OrderItem class first, which we assume that we know the message structure. What if a message comes in with a format not-understandable? What should we do in this case?
Message Structure Validation
Now, we’re about to validate message structure. Structure validation consists of two parts. One is to check the payload structure through data contract or schema, and the other is to check the interface through service contract whether the message arrives at an agreed endpoint or not.
Both parties sending and receiving messages MUST use the shared data contract or schema for communication. In other words, if the message sender uses one format and the other expects another format, the message will be ignored or not get processed. In addition to this, the sender MUST project messages through the agreed interfaces, including endpoint, protocol or method. Otherwise, the receiver cannot process the messages.
Which approaches are popular for message structure validations, then?
XML Web Service via SOAP utilises WSDL. According to the WSDL spec, it defines both service contract (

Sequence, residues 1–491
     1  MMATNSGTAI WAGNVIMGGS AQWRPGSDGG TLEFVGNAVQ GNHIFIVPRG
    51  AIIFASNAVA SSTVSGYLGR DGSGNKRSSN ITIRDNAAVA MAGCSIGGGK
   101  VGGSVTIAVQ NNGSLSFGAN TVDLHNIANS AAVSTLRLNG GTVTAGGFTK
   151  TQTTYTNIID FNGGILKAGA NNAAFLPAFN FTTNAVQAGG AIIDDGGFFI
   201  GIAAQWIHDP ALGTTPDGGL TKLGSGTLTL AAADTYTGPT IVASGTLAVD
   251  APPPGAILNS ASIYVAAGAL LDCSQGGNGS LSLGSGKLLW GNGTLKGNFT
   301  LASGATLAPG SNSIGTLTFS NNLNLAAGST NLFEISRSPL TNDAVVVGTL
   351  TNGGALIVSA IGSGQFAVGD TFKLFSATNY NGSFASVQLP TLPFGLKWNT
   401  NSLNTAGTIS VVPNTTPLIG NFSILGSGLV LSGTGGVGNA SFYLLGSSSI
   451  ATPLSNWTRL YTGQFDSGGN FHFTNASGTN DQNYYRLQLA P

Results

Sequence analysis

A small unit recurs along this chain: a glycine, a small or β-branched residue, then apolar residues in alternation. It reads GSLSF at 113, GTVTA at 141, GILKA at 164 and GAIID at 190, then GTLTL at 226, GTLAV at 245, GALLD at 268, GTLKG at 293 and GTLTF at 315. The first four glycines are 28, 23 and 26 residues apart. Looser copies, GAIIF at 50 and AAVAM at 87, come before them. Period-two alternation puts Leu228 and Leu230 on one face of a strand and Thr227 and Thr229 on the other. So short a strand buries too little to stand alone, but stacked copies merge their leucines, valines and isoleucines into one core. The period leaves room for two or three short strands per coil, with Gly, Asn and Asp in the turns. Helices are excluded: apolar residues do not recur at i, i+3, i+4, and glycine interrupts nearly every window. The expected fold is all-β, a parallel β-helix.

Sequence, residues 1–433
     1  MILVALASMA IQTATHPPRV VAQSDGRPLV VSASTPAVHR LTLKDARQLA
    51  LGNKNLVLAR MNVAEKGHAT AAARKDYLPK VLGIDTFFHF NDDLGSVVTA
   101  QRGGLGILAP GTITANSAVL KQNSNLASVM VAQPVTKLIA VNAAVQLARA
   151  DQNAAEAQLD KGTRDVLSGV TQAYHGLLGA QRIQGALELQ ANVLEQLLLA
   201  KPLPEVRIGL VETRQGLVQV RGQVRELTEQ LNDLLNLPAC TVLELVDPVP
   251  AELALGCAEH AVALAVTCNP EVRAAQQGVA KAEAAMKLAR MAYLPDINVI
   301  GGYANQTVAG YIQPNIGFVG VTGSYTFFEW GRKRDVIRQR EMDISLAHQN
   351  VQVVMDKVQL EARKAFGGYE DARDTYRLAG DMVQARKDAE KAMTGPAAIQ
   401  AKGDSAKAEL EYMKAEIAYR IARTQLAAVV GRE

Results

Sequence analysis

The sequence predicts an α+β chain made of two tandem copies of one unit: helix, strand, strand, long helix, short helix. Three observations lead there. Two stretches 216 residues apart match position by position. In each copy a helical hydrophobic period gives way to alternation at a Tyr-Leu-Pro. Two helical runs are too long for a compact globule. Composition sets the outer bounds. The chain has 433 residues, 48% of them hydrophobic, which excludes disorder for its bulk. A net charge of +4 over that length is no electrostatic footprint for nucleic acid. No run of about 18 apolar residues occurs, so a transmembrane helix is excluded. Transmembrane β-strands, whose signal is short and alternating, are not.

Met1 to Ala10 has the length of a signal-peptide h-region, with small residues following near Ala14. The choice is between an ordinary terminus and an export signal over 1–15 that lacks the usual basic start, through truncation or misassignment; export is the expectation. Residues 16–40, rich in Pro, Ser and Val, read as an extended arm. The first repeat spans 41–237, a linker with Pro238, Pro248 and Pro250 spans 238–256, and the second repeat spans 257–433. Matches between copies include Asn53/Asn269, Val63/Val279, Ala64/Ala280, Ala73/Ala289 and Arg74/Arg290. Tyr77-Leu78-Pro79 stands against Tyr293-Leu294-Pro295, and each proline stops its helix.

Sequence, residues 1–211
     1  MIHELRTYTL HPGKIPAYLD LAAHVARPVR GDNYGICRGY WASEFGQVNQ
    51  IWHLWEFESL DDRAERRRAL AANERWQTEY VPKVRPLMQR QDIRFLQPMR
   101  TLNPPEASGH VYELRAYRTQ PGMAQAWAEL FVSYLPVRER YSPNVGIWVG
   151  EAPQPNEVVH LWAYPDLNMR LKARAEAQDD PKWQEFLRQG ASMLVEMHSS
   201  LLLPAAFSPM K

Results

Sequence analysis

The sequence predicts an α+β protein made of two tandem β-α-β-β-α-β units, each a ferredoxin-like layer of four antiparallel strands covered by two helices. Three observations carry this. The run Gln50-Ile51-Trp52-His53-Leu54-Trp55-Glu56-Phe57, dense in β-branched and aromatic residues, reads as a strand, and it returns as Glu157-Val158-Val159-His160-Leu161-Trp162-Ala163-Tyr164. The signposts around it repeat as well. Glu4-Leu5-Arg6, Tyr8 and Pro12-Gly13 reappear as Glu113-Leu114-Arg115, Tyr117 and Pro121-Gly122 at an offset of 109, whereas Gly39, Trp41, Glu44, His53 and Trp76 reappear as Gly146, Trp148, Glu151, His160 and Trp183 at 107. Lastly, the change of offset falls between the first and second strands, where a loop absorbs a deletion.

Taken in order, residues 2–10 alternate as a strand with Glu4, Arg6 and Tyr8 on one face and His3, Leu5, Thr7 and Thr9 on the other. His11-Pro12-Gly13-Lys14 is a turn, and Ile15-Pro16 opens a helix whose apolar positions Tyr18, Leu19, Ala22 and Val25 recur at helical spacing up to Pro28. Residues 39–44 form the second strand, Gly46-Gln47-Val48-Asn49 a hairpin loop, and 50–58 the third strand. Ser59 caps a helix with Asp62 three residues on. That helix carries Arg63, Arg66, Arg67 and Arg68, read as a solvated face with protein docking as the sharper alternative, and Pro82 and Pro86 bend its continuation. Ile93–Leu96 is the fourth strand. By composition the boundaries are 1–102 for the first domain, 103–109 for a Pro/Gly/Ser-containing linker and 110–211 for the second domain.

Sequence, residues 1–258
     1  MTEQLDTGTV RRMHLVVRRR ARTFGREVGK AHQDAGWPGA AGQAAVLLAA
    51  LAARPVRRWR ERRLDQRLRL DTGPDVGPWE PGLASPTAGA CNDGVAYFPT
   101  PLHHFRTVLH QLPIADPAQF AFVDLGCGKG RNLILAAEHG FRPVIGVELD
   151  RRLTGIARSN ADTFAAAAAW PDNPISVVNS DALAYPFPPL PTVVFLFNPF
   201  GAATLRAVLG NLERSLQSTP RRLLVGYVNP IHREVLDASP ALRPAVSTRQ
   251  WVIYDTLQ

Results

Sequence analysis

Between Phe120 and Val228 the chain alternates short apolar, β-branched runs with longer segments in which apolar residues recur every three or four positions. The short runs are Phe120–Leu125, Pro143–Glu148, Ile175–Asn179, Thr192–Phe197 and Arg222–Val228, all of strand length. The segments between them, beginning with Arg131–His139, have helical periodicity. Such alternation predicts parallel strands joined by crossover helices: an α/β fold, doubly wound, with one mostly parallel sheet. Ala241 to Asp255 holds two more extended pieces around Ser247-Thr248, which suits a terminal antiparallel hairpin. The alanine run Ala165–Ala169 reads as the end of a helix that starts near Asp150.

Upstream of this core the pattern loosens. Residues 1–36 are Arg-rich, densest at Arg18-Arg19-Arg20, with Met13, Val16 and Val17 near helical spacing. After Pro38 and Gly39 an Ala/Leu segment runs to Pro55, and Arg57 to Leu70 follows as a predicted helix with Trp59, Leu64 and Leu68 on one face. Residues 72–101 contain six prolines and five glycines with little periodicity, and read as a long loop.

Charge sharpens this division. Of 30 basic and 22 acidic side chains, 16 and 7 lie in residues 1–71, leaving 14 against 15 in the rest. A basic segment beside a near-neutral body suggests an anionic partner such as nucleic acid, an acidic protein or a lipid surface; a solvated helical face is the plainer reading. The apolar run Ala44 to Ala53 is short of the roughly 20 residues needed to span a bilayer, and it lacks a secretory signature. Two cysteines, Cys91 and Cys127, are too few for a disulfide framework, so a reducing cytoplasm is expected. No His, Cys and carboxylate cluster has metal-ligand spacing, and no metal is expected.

interface) and data contract (
types). Here is a very simplified WSDL document based on the WSDL 2.0 spec.
As WSDL defines service contract and data contract like above, both parties sending and receiving messages MUST conform to the contract to communicate with each other. All other messages outside the contract cannot be made. And based on this contract, we can easily create SDK.
dotnet-svcutil is a good example to generate SDK.
Unlike legacy systems mainly use XML Web Service with SOAP, REST API (RESTful Web API, precisely) is widely adopted for message transmission. Open API is nowadays a de-facto standard to define services. Similar to WSDL, Open API spec version 3.0.2 defines Path for service contract, and Schema defines data contract. For SDK generation, AutoRest is such a great tool to meet the requirements.
Now, either WSDL or Open API lets systems communicate with each other by validating message structures.
At this point, we might be facing another issue. Systems through either WSDL or Open API spec needs the synchronous way of communication. Of course, the receiving party can internally process the message in an async way, but at least the receiving end MUST synchronously return a response that the message has been accepted. For example, HTTP status codes like